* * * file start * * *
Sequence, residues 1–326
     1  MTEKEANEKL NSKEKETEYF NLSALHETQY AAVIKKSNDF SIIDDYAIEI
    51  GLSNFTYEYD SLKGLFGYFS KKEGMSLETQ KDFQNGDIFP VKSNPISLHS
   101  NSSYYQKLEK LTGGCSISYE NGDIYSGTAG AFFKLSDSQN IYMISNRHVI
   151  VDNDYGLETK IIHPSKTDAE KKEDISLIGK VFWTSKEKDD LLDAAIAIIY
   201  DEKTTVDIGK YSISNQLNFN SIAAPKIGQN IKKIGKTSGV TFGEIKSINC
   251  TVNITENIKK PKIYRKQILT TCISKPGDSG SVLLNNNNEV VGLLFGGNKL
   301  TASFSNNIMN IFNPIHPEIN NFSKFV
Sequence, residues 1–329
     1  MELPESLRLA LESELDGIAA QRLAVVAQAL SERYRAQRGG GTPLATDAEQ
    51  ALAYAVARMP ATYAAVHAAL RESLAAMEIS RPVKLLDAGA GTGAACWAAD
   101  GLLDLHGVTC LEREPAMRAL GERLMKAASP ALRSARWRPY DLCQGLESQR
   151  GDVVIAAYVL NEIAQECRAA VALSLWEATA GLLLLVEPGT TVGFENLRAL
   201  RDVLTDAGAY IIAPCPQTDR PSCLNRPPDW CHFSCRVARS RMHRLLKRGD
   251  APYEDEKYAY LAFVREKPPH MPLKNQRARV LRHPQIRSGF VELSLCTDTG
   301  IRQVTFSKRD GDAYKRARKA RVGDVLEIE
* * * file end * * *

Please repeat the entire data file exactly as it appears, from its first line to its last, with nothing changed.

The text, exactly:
Sequence, residues 1–326
     1  MTEKEANEKL NSKEKETEYF NLSALHETQY AAVIKKSNDF SIIDDYAIEI
    51  GLSNFTYEYD SLKGLFGYFS KKEGMSLETQ KDFQNGDIFP VKSNPISLHS
   101  NSSYYQKLEK LTGGCSISYE NGDIYSGTAG AFFKLSDSQN IYMISNRHVI
   151  VDNDYGLETK IIHPSKTDAE KKEDISLIGK VFWTSKEKDD LLDAAIAIIY
   201  DEKTTVDIGK YSISNQLNFN SIAAPKIGQN IKKIGKTSGV TFGEIKSINC
   251  TVNITENIKK PKIYRKQILT TCISKPGDSG SVLLNNNNEV VGLLFGGNKL
   301  TASFSNNIMN IFNPIHPEIN NFSKFV
Sequence, residues 1–329
     1  MELPESLRLA LESELDGIAA QRLAVVAQAL SERYRAQRGG GTPLATDAEQ
    51  ALAYAVARMP ATYAAVHAAL RESLAAMEIS RPVKLLDAGA GTGAACWAAD
   101  GLLDLHGVTC LEREPAMRAL GERLMKAASP ALRSARWRPY DLCQGLESQR
   151  GDVVIAAYVL NEIAQECRAA VALSLWEATA GLLLLVEPGT TVGFENLRAL
   201  RDVLTDAGAY IIAPCPQTDR PSCLNRPPDW CHFSCRVARS RMHRLLKRGD
   251  APYEDEKYAY LAFVREKPPH MPLKNQRARV LRHPQIRSGF VELSLCTDTG
   301  IRQVTFSKRD GDAYKRARKA RVGDVLEIE